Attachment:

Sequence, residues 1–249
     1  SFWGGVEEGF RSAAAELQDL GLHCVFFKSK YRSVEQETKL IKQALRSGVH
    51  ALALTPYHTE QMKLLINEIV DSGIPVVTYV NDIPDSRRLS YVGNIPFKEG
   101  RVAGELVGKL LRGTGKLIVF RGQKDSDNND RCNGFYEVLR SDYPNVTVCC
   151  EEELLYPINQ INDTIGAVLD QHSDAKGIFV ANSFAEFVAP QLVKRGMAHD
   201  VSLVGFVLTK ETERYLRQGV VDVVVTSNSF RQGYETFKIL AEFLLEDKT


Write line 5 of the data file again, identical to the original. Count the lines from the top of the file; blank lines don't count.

   151  EEELLYPINQ INDTIGAVLD QHSDAKGIFV ANSFAEFVAP QLVKRGMAHD